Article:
Uruguayan photographer and content creator Diego Paz Banchio never thought that a few demo reels of his favorite soccer team would lead to him working with and covering clubs like River Plate and NYCFC.
Content is everything. That is what every soccer team in the modern era is looking for when it tells its story or “sells” its brand. Today, more than ever, it’s about content.
Diego Banchio, 35, was born in Mercedes, Uruguay with a fanaticism for River Plate in Argentina, so much so that he was one of the founding members of the Montevideo chapter of the River Plate supporters’ group.
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“Chapa,” as he is known to friends, also is a skilled photographer and video editor, and his skillset landed him jobs at two of Uruguay’s television networks, VTV and Canal 4. It was during this time that Banchio started his own postproduction company Magento, through which he’s been able to work with various local brands and television channels as well as the soccer team Sao Paulo of Brazil.
“It was a long process to tell myself ‘let’s do it’ [when it came to starting his own company],” Banchio said. “I had a monthly paycheck coming in from Canal 4, it was Monday to Friday, then on the weekends I worked for my company.
“Eventually, thankfully, I started to get overrun by work, which included me actually traveling abroad to work, so I said it’s time to try and go on my own. And my workload continues to grow.”
Transforming the Passion for Soccer Into a Job
After going fully into his own company, Banchio began working in corporate and advertising content, but he managed to remain connected to the game through his personal social media accounts.
“I began to upload some reels that reflected my love for the game and River Plate,” Banchio said. “It showed that I was much more than just a travel content guy and had an eye for sports.”
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When the pandemic hit, he started creating hyper-lapses of specific players, including Lionel Messi, Marcelo Gallardo, and Luis Suarez. These clips got the attention from soccer brands and clubs, who reached out to Banchio for his services.
“In 2017 and 2018 I got the opportunity to work with River Plate in Argentina and that was due to me having those reels and having clients in Argentina,” Banchio said. “One of my clients said, ‘You have to do something for River,’ and he was a part of the club’s front office at the time. And it was a fantastic experience to be able to work for the club I love and mix two of my passions while being on the field.”
Banchio created content around the farewell of Uruguayan striker Rodrigo Mora, who played for the club from 2012-2018 and was the winner of eight titles at the club. Banchio’s experience in corporate content helped him also do public relation material for the club of his life.
Through his experience at other clubs he has worked with, “Chapa” knows that River Plate has tremendous brand value, and the club is very much aware that their brand both means and is worth a lot to many.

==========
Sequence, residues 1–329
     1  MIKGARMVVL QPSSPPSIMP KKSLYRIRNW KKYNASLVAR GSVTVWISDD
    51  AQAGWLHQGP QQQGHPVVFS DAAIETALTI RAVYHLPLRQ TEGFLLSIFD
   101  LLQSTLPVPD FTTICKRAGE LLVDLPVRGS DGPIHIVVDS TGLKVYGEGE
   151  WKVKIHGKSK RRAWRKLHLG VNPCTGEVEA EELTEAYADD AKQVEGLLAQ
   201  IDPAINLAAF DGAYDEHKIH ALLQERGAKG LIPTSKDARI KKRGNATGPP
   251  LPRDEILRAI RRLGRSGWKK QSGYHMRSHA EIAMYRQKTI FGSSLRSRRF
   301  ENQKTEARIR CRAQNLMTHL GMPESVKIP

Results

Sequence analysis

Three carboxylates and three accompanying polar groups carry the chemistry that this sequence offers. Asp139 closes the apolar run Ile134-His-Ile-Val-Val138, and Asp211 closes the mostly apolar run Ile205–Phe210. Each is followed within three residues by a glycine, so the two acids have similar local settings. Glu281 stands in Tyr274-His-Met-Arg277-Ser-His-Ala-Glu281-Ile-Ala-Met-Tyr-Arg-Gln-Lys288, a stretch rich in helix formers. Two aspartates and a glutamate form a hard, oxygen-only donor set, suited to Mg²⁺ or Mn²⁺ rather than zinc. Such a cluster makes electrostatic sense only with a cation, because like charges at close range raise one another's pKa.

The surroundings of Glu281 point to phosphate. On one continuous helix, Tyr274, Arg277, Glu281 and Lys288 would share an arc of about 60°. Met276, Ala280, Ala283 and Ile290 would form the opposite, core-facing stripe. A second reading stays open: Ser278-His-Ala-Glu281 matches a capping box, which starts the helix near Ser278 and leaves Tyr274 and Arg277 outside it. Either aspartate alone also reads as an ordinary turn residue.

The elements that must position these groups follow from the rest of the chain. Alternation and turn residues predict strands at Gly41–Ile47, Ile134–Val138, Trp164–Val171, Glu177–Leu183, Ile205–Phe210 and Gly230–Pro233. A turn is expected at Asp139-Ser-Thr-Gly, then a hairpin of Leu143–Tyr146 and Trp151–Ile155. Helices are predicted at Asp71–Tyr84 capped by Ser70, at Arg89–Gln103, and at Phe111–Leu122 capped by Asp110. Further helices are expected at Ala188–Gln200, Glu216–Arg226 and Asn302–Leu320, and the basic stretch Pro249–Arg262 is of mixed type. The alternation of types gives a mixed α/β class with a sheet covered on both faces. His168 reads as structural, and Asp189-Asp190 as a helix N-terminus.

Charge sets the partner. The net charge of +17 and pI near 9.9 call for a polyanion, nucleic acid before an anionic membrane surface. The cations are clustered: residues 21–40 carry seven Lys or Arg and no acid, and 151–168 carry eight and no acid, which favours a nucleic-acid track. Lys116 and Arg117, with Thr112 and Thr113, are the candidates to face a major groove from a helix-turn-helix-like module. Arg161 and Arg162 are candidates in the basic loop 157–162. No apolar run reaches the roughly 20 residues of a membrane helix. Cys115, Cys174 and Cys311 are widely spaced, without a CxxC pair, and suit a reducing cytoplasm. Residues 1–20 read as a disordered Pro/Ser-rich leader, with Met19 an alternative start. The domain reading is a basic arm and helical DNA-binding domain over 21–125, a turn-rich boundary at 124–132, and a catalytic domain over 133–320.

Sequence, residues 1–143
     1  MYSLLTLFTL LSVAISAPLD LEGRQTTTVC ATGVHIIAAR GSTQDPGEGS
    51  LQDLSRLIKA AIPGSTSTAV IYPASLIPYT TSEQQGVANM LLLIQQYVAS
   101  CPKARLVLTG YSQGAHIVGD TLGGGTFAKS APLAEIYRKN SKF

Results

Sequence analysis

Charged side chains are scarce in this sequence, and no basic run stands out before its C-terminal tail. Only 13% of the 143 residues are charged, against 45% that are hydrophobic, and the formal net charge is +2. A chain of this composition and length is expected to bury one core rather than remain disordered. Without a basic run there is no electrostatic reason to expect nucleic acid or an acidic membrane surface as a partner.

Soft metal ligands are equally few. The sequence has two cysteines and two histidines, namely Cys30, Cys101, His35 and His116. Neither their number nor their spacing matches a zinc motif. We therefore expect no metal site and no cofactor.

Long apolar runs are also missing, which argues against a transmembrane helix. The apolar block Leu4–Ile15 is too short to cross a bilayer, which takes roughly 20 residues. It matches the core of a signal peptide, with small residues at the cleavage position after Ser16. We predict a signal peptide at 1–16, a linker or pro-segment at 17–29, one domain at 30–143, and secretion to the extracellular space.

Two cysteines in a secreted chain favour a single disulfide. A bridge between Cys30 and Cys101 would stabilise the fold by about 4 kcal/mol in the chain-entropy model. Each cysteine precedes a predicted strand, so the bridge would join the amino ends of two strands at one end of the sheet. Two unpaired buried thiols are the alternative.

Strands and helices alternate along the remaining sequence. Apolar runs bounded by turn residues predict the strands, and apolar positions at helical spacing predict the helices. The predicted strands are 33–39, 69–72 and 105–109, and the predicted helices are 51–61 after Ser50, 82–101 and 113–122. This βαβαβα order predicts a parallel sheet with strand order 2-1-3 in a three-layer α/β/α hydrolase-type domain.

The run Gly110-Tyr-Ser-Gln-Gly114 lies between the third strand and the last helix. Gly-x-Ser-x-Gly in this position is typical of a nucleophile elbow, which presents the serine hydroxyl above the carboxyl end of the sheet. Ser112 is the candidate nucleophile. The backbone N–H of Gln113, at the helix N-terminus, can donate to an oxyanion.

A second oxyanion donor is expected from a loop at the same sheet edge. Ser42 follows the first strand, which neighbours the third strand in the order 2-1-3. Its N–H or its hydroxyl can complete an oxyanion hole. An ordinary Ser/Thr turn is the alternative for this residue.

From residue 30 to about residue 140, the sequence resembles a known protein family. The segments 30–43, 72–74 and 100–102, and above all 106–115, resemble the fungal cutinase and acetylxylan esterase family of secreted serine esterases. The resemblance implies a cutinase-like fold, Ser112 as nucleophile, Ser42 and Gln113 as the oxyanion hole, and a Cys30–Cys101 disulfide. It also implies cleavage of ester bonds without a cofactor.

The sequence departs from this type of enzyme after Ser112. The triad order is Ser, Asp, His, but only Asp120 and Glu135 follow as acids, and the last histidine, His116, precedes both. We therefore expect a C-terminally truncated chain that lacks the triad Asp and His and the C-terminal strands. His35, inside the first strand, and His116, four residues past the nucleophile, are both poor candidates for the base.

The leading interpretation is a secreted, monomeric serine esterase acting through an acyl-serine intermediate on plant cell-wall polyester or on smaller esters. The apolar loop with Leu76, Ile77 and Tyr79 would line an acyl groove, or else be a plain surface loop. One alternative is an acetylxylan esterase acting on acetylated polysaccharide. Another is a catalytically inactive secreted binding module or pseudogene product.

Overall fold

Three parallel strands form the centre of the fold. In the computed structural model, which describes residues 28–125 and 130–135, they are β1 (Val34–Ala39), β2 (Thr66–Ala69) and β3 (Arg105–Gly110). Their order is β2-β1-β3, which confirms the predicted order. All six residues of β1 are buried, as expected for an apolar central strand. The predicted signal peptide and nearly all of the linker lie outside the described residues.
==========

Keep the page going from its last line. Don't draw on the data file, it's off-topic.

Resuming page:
“River without question is one of the biggest brands in Argentina, a brand that does not have to push anything,” Banchio said. “They have great organic reach, and River takes very good care of what they do and how they communicate.”
Work Opportunities With NYCFC and MLS
In 2022, while covering Montevideo City Torque’s historic first experience playing in an international tournament, Banchio got the opportunity to travel to New York and watch an MLS match for the first time. It was eye opening for the content creator to say the least.
As Torque is a sister club of NYCFC under the City Group umbrella, Banchio was tasked with telling the stories of Taty Castellanos and Santiago Rodriguez, who joined the MLS side by way of Torque. He wanted to show where the duo came from and where they are going.
“Going to New York was one of the best working experiences I have had to date,” Banchio said. “As an experience it was different [from South America], primarily because the stadium is a gem [in this case Banchio went to an NYCFC game that was played in the New York Mets home ground Citi Field].
“We’re accustomed to working in conditions where the fans are on top of you, just getting into a stadium with equipment is a hassle and over there, everything was organized and the attention to members of the press was incredible.”
In having his first MLS experience, Banchio was shocked and thrilled to see that many of the songs he has heard all over South America were being sung by NYCFC fans.
“I saw fans from Ecuador, Peru, Argentina, and Mexico,” he said. “It was incredible to see so many nationalities cheering on the same team.”
For Diego “Chapa” Banchio, what started as a hobby and a dream has quickly turned into a never-ending workload of soccer, marketing, photography, and traveling. The chance to mix two passions into one and truly enjoy his work.
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